Introduction

Lesson 1.1 – Assignment 1:1

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Trees that have Fallen in a Pine Tree Forest

My Bench

Hi everyone, I’m Linda and I would like to welcome you to my tree bench. Please grab a virtual seat and let’s get to know each other. I look forward to sharing ideas and stories with the ENGL 470 summer 2016 group. I am excited to read stories about Canada from different perspectives, because I have come to realize the importance of storytelling. At Langara I took the course – Aboriginal Traditional Knowledge and Contemporary Science. There I came to realize that language is important in Aboriginal science and culture, because it is part of the foundation of reality. A fascinating perspective can be found in Ferguson.

 


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Fruiter

My Roots

My grandmother was part Cree, part French, and definitely all Canadian, but I never had the opportunity to learn her story. Not only did she live in Winnipeg, while I grew up in Vancouver, but she passed when I was a little girl. I have always felt that part of my history is missing, and for that reason I have been attracted to storytelling. For as long as I can remember I have loved to read. But beyond that, I yearn to know my history, both my aboriginal beginnings, as well as my European beginnings. This is one reason why I was attracted to, and am excited about this course.

 


trunk

Bark

My Bark/Trunk

Looking at me from the outside, you will see that I am a fourth year English Literature Major with a Minor in Creative Writing at UBC. I am also a Chartered Professional Accountant, but I love reading and writing about books, and for that reason I created a book review blog at Books-TreasureOrTrash.com. I love stories, and in Aboriginal culture, stories are used to document history and transfer knowledge. Song, sound, and vibration are “the collective agreement of the People—not as myth or metaphor, but as reality” (Ferguson 28).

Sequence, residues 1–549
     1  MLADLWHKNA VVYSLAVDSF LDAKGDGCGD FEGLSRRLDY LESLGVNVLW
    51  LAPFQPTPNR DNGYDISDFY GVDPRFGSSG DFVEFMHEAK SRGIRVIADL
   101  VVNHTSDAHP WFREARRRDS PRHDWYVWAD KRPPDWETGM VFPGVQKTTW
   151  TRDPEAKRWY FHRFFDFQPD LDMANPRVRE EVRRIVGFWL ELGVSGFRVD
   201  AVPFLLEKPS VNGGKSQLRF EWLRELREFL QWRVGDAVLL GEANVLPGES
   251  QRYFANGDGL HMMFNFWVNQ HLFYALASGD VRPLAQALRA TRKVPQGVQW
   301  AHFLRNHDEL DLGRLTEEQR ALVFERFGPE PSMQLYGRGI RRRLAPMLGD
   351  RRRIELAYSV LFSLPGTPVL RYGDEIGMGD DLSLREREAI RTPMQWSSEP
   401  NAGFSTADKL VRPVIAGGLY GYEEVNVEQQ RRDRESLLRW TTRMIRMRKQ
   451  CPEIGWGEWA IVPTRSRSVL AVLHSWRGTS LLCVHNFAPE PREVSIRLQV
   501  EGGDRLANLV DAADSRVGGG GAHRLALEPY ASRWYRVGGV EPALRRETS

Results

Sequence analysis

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Flowering Trees in the Spring are Always Eye-catching View

My Branches

I hope to reach out beyond my current understanding, and expand my appreciation of what the Canadian literary canon entails. I am looking forward to the conference portion of the course so I, along with my classmates, can add our voices to the discussion. In Aboriginal beliefs, verbal story telling reflects, explains, and helps create the world. Stories help to explain the present and the past. But going beyond Aboriginal stories, it is important to consider the interchange and variances between European and Indigenous traditions of storytelling.

 

 


Bright Red Organic Apples on a Tree Branch

My Fruit

 

Trees are strong, steady, and reliable. Trees are a metaphor for life, and First Nations Artist, Donald Chrétien, has created a beautiful rendition of the Tree of Life.  I consider myself an apple tree, because apples are delicious, nutritious, and versatile. What kind of tree tells your story?

 

 


Linda 280 x 350 good

Linda Purcell

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Apple Blossoms


Works Cited:

Chretien, Donald. Tree of Life. n.d. Acrylic on Canvas. Creativehouse.com

Ferguson, Elizabeth. “Einstein, Sacred Science and Quantum Leaps: A Comparative Analysis of Western Science, Native Science and Quantum Physics Paradigm.” Lethbridge, Alta.: University of Lethbridge, Faculty of Arts and Science, (2005). Web. 11 May 2016.